ASME-Landmark:Brandywine River Powder Mills


Founded by Eleuthère Irénéé du Pont (1771-1834), the Brandywine River Mills became the largest maker of explosive black powder in the United States. That success resulted directly from the firm's pioneering use of gunpowder processing machinery driven by water wheels and water turbines. Divided into separate buildings to promote safety, its rolling, graining, and glazing mills produced black powder in a range of grades for military, sporting, hunting, construction, mining, and other applications.

Horse-drawn narrow-gage railways provided in-process transport between facilities. In later years, steam engines drove conveyor belts that moved materials along the production lines. The mechanical operations—rotating wheels, turbines, vessels and vats, distillation and combustion processes, etc.—are examples of fledgling mechanical engineering principles. Du Pont instituted management practices that established safety practices and ensured high-quality production. The largest powder mills of the time, these mills were unique in that they refined the raw material and made everything they used, making gunpowder to any specification.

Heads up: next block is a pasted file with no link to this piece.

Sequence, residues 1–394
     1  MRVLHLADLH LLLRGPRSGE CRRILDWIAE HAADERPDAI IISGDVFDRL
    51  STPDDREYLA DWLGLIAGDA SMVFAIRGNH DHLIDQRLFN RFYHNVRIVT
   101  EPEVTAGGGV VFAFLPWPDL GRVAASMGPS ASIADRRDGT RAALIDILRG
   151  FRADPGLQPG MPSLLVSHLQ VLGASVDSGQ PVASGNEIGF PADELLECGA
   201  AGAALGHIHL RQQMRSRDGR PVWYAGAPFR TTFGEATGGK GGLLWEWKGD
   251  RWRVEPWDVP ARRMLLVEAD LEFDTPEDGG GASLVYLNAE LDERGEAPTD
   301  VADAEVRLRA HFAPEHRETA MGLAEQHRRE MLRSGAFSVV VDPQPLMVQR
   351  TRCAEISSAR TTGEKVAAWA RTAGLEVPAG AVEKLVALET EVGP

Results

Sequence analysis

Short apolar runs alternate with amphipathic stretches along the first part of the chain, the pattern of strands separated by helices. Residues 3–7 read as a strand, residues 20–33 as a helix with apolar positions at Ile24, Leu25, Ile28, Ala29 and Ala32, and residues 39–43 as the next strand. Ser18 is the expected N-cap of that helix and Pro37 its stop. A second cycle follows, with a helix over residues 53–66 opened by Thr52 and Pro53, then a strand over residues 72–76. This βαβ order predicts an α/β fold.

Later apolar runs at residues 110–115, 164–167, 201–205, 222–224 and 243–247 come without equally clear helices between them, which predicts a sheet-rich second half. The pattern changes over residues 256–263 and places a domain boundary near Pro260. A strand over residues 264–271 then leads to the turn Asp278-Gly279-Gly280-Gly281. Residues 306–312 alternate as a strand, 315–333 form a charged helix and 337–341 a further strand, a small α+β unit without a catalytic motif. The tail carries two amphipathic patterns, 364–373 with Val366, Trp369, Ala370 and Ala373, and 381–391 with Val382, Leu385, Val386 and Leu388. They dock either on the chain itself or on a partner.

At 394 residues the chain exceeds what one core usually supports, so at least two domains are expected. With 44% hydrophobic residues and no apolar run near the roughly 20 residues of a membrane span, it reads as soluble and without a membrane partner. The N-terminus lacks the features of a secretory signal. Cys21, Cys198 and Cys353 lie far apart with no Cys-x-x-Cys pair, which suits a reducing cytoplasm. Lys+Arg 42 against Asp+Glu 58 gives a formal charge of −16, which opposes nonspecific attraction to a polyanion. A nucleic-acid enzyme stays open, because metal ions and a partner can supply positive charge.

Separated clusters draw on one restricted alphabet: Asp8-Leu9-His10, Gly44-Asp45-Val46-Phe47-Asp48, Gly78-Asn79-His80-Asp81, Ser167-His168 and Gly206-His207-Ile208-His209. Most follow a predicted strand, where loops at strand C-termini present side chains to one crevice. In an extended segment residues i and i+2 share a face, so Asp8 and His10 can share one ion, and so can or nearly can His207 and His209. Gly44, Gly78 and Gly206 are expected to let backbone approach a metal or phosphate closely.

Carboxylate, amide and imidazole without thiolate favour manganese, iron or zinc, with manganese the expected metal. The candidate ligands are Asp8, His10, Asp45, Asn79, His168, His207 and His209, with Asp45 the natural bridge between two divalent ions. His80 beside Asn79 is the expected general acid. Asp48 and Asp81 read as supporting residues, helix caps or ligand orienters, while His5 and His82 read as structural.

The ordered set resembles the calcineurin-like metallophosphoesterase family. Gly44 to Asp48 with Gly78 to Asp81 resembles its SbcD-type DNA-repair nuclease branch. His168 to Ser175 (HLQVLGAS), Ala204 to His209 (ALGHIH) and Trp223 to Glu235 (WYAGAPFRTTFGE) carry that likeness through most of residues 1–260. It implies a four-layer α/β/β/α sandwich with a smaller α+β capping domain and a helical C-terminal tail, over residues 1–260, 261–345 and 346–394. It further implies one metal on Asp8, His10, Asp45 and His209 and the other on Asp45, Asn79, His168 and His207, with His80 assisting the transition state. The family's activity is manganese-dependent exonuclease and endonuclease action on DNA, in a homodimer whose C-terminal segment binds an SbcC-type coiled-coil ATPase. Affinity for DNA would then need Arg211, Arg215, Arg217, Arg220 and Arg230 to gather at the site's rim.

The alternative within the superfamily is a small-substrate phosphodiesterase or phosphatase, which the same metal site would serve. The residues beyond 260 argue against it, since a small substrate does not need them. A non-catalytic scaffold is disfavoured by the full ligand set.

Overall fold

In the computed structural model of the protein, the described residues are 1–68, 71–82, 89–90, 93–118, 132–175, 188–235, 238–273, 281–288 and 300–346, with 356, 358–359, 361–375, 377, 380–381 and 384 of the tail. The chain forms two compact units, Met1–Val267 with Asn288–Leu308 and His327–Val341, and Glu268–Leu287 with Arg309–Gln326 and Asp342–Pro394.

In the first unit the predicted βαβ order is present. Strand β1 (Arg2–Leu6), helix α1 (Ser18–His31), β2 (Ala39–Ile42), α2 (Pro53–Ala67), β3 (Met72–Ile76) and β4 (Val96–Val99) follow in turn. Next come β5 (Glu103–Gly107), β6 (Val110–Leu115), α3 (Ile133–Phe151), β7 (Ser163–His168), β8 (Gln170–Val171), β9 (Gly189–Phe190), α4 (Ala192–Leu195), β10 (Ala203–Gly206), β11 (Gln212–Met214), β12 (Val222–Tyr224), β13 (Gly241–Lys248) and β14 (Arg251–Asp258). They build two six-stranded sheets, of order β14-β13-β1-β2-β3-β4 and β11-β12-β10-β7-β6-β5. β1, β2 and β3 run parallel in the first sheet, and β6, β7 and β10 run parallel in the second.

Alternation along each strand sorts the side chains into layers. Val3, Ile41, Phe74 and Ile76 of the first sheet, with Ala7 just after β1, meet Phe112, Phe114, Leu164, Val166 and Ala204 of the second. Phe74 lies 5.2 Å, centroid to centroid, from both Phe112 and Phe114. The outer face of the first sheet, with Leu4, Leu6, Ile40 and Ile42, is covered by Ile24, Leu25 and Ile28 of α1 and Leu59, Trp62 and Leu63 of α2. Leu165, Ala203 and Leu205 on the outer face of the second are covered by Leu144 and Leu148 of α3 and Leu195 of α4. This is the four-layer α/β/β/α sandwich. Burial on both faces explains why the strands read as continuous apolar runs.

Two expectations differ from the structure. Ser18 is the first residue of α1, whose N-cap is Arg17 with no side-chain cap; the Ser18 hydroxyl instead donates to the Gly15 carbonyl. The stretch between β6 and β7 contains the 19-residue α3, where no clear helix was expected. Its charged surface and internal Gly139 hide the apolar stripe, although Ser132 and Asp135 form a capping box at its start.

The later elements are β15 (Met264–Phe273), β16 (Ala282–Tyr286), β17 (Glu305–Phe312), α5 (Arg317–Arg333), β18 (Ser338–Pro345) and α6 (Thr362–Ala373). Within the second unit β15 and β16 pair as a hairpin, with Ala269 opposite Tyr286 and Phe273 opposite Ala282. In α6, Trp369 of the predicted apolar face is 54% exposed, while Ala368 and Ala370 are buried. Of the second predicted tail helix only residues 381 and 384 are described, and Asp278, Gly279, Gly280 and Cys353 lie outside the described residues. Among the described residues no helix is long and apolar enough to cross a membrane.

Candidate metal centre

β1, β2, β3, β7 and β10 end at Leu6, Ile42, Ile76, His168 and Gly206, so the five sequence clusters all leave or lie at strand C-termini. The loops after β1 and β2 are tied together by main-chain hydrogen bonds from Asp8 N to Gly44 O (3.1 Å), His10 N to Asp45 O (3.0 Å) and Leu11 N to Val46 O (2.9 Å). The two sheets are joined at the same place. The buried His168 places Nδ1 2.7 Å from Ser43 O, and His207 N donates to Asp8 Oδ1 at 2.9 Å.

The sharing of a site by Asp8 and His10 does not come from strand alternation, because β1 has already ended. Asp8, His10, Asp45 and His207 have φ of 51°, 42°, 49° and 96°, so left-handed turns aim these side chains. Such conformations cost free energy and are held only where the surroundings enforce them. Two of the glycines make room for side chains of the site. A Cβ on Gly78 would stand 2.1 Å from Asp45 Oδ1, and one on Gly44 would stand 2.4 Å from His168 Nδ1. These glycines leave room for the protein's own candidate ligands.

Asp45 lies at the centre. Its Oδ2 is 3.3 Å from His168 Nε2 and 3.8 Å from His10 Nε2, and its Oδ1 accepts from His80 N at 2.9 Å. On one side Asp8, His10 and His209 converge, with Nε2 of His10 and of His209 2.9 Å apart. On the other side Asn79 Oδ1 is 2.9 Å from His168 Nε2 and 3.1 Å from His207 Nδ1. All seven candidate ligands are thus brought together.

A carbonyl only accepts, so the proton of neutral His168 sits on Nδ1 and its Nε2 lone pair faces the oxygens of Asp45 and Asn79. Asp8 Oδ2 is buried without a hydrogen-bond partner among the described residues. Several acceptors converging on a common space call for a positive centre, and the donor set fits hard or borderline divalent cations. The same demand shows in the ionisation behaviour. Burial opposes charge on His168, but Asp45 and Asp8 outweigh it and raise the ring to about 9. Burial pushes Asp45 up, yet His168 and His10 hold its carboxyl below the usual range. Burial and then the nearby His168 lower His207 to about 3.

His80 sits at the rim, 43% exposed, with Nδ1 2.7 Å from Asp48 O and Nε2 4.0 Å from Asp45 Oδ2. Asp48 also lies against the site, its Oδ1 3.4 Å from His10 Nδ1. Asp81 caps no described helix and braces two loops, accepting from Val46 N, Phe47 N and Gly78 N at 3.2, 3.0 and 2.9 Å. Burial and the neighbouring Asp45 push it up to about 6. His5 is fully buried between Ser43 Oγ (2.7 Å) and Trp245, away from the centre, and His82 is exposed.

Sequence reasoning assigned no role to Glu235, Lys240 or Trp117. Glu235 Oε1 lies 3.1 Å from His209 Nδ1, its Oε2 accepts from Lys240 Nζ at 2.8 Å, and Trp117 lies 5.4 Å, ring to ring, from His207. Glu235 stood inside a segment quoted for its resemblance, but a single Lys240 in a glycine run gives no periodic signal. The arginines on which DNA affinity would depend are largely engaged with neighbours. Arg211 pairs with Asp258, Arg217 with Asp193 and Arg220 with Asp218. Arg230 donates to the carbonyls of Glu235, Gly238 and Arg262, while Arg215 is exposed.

Brandywine River Powder Mills produced its first gunpowder in 1803. Started as a large-scale, sophisticated manufactory, Brandywine maintained operations for 119 years. The Brandywine River Powder Mills performed shell loading and some smokeless nitrations during World War I. They were the most sophisticated producers of black power until their close in 1921, when that technology became obsolete.

The Eleutherian Mills–Hagley Foundation was formed in the 1950s, with the Hagley Museum and Library formed in 1957. Aside from one operating powder mill, the Hagley Museum owns the only virtually complete set of process equipment in North America. See ASME website for more information